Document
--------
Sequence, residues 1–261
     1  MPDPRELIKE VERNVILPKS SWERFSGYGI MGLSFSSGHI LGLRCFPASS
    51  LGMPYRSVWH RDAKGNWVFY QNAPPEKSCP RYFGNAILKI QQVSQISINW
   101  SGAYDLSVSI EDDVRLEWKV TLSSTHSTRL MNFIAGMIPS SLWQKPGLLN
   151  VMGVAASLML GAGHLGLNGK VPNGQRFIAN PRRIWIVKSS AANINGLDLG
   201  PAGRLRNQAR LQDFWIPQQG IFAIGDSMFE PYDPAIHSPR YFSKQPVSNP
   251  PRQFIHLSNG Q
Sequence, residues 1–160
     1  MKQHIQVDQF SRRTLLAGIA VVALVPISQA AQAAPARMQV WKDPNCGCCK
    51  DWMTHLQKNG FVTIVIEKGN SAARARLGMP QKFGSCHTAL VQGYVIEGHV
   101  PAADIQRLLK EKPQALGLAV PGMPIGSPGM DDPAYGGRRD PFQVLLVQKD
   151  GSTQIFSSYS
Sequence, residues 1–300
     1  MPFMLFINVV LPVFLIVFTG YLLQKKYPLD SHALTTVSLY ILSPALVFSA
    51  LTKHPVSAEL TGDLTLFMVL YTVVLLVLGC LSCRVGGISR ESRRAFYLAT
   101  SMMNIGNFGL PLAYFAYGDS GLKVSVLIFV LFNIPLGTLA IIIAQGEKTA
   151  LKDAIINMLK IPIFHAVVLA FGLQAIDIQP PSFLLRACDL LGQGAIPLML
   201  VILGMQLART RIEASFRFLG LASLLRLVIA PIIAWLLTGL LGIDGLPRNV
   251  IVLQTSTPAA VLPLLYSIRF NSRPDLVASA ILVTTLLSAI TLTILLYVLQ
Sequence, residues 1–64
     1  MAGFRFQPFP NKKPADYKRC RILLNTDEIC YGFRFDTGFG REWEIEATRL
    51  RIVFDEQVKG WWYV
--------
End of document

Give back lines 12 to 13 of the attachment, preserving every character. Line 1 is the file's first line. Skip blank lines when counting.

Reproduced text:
   151  GSTQIFSSYS
Sequence, residues 1–300